She fancies he is not human—why should he speak of not dying, of centuries of war? Her grandfather has answers to everlasting life that he doles out so close to the holy day, but something tells her that this isn’t what the captain meant.

She fancies the writer may not even be of this world—or his world may be long lost. There are no towering hills recorded here. She has checked every map in the local library and antique shops. Their mountains are low now, old as time, and sinking back into the earth. She sits before the fire, clutching the final page of the final letter while her loved ones are in the other room. She fancies the captain loved the king, too.

I go to your pyre now, our life committed to these pages. I bury them, to be fed to the roots of the mountain. Unseen, yes, but alive forever. Perhaps, year on year, they will grow back up to kiss the stars.

Message in a Bottle

When we were young, we wrote a message in a bottle and launched it into the future. You fetched an old Coke can from the loft where you slept and a scrap of paper for us to scribble on. I don’t remember what we wrote, but we must have thought it was important. You signed it with your old name, the one you didn’t keep. Now it feels like a foreign object on my tongue.

We gathered on the bridge to drop it over the cleft of the waterfall. We watched it float downstream together, away from your grandfather’s cabin and my grandmother’s farm. We imagined it catching in a tangle of tree roots alongside the riverbank, or being swept out by the current to Long Island Sound. We envisioned it finding different countries, different shores. For years, I inspected every stray piece of litter on the beach. I never found it. I didn’t know it would be one of the last times I saw you. You changed your school. You changed your name. Our lives spun away from each other like a bottle bobbing adrift on the current. But I know that like our bottle, you’re just around the next bend in the river. If I wanted to reach you, I know how.

I woke up in the middle of the night and wrote a love letter to my depression

I open your body and observe

the wasteland—dirt, reduction, and poison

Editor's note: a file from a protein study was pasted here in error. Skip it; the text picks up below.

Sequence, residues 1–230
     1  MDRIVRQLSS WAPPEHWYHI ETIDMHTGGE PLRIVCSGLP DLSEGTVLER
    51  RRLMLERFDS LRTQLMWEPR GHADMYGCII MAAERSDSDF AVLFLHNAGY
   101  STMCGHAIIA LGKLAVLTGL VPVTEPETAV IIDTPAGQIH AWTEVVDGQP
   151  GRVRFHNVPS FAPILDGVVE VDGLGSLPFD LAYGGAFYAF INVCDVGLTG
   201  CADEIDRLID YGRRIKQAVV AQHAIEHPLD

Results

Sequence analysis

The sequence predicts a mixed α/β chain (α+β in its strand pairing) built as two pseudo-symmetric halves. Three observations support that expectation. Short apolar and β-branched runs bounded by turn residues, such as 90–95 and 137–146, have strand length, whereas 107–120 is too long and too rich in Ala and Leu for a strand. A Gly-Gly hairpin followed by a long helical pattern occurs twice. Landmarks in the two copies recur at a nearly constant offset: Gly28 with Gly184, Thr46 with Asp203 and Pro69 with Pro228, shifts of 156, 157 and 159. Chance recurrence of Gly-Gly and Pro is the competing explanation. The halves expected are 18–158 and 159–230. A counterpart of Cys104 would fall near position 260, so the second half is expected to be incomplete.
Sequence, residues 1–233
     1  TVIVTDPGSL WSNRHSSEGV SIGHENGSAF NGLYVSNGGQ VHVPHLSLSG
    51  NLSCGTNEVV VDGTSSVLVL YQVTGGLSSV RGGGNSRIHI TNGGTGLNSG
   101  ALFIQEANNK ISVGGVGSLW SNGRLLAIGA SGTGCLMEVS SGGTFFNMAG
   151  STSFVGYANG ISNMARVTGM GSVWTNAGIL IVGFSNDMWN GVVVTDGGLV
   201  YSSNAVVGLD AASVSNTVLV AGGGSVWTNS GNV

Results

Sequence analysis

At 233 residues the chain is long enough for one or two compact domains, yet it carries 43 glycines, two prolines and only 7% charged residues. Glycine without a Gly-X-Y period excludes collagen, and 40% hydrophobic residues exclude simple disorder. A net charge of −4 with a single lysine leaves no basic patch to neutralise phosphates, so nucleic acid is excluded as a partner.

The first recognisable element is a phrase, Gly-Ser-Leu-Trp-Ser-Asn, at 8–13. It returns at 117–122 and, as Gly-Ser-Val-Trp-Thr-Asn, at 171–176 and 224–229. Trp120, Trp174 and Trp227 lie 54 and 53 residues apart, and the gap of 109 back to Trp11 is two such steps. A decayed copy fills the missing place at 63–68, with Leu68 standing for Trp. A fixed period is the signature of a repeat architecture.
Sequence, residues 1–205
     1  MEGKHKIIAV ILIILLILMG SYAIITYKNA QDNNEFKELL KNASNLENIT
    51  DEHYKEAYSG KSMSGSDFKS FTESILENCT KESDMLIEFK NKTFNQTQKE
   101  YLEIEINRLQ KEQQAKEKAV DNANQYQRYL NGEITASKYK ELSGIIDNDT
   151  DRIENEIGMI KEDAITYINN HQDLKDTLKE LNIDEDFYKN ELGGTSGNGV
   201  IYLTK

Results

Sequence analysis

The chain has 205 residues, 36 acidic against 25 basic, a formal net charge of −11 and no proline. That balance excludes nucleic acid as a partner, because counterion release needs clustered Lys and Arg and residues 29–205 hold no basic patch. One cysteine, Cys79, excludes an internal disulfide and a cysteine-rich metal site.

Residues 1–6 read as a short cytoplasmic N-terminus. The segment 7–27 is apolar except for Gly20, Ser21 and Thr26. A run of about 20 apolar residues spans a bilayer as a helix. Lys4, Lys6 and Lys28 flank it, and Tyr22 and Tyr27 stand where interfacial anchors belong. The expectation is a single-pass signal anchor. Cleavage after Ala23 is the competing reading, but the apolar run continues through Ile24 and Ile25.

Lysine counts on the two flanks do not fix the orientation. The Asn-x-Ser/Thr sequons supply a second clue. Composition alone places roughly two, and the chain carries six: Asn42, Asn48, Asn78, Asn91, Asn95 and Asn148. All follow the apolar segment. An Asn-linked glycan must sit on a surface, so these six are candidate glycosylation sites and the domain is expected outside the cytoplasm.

with barbed-wire breath more comforting

than your empty heartbeat. In turn,

you open mine and search for a word

that means my worship. Tell me,

you say. Your body is a ravaged battlefield

of unspoken prayers. Your body

imposing mycelium. Your body enveloping mine.

I say, revival. I whisper, loneliness.


Shades of black. The most beautiful

darknesses you were. My skin shivers

from your familiar touch, the stomach

snaking deeper into itself in blurry

recoil. Bones house the horrors

ringing in the crevices of the hollow—

we made love too often

for my own taste. Our habit was

to keep the window open so that

we both could breathe the autumn

atmosphere of dusk remnants and colder

whispers. In that, I mean

you were always such a tease,

a metastasizing fear of falling

further into insanity until

only the shell remained. Blood

turned to liquid shadows. Heart

turned to stopwatch. The outside

turned to a smallness I’ve only

known in the worst dreams,

the most careful of nightmares.

Superman and Super Listening

I don’t recall ever having a dream where I was flying, but I did have a recurring Superman dream when I was a little kid. My baby sister was getting old enough to move out of my parents’ room and into my room. I was going into my older brother’s room. My brother was going into a new addition over the garage, which had shifted the house even more. Going into my brother’s room came with sleeping in a larger trundle bed, which had another pullout mattress inside the frame. This bed was like sleeping on a sturdy wooden ship.

The recurring dream was that I would hide myself between the wall and heavy headboard like it was a dark cave. In reality, the bed was too close to the wall for me to fit and too heavy for me to move on my own as a child. In the dream, I would be coaxed out of this hiding place each night by the characters I watched on television, like the gang on Sesame Street or Super Friends, a seventies children’s cartoon with the DC Comics characters. There was never a crossover of different show characters, but when it was the Super Friends, I remember Superman taking the lead. He didn’t stand with his hands on his hips for a scared boy to be in awe of but took a knee and came down to my level. I remember him listening to me, and I would wake up as I came out of my self-enclosure.

Looking back on that dream, I can see the younger version of myself felt lost in the shuffle with everything going on in the house but was also in the early stages of pleasing people. I couldn’t talk it out with an adult. But Superman listened. It’s known that Superman has Super Hearing, but I would like to talk about his Super Listening and what I have learned from Clark Kent about active listening.

Active listening is the process of not only giving someone your attention but also being aware of your verbal and nonverbal messaging/body language while they are talking and then conveying back that you have heard what they said. For myself, it has helped me zero in on my communication with others and eliminate pausing to talk next. Active listening allows me to acknowledge and process information better when speaking with someone else and helps a conversation get to the root of the matter.